firmness, and steadfastness was learnt by the Muslims, 

443. The two parties wavering in their minds were probably the Banu Salma 
Khazraii and the Banu Harilha, hut they rallied under the Prophet's inspiration. That 
incident shows that man may he weak, but if he allows Ids weak will to he governed 
by the example of men of God, lie may yet retrieve his weakness. 

- 177 - 

S.3 A, 123-126 

V d\ j** cM 

Allah had helped you 
At Badr, when ye were 

Then fear Allah: thus 

May ve show your gratitude. 444 

124. Remember thou saidst 

To the Faithful: l is it not enough 
For you that Allah should help you 
With three thousand angels 
(Specially) sent down? 445 

125. ‘Yea,— if ye remain firm. 

And act aright, even if 

The enemy should rush here 
On you in hot haste, 

Your Lord would help you 
With five thousand angels 
Clearly marked 44 * 

126. Allah made it but a message 

Of hope for you, and an assurance 
To your hearts: (in any ease) 
There is no victory 
Rxcept from Allah, 

The Exalted, the Wise: 147 

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444, Gratitude to Allah is not to he measured by words. It should show itself in 
conduct and life. If alt the Muslims had learnt the true lesson from the victory at 
Badr, their archers would not have left the posts appointed for them, nor the two tribes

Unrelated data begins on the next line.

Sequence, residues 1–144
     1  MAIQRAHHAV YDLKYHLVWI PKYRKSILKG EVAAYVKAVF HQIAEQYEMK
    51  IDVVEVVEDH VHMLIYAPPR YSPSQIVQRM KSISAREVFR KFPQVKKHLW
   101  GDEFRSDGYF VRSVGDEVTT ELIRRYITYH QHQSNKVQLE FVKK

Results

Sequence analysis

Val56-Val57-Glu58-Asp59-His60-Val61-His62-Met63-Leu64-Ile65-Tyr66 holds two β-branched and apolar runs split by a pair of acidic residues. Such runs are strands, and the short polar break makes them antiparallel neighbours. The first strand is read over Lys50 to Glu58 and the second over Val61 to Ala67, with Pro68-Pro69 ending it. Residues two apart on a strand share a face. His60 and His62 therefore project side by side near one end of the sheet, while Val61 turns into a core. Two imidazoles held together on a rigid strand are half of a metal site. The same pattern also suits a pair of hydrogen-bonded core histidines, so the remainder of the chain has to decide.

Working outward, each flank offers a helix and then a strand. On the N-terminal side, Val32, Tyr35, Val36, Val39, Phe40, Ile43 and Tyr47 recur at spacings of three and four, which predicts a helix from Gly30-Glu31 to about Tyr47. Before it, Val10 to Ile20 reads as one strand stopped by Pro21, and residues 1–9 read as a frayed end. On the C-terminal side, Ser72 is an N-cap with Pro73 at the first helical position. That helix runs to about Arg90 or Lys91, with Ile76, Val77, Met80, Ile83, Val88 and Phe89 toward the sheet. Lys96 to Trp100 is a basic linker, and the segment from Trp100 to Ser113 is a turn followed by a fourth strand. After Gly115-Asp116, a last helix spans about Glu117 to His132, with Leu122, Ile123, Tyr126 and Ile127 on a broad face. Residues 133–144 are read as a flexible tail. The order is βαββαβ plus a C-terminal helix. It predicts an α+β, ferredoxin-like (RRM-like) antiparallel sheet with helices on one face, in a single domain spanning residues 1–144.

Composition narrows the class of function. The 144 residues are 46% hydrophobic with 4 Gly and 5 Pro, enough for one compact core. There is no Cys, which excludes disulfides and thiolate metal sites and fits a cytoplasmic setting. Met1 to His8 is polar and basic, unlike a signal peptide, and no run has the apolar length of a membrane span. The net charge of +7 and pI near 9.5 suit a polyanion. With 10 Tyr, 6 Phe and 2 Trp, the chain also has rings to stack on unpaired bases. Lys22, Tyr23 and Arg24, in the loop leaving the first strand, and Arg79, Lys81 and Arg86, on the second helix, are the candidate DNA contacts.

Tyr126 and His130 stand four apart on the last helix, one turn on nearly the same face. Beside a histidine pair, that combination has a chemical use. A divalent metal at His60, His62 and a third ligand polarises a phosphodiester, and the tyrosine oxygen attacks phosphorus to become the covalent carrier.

mentioned in the last note ever wavered in their faith, 

445. Read verse 124 with the following five verses, to get its full signification. 

446, Muxawwim: this is the active voice of the verb, not to be confused with the 
passive voice in iiL 14, which has a different signification. 

447. Whatever happens, whether there is a miracle or not, all help proceeds from 
Allah. Man should not be so arrogant as to suppose that his own resources will change 
the current of the world plan, Allah helps those who show constancy T courage, and 
discipline, and use all the human means at their disposal, not those who fold their hands 
and have no faith. But Allah's help is determined on considerations exalted far above 
our petty human motive, and by perfect wisdoms, of which we can have only faint 

- 178 - 

S3 A. 127- 129 


'Phut He might cut off 
A fringe of the Unbelievers 
Or expose them to in fumy. 

And they should then 
Be uirned back. 

Frustrated of their purpose. 

Not for thee , (but for Allah), 
h the decision: 

Whether He turn in mercy 
To them, or punish them; 

For they are indeed wrong-doers, 444 

To Allah belonged) all 
That is in the heavens 
And on earth. 

He forgiveth whom lie pleaseth 
And punished) whom He pleaseth 
But Allah is Oft-Forgiving. 

Most Merciful. 

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448, A fringe of the Unbelievers: an extremity, an end, either upper or lower. Here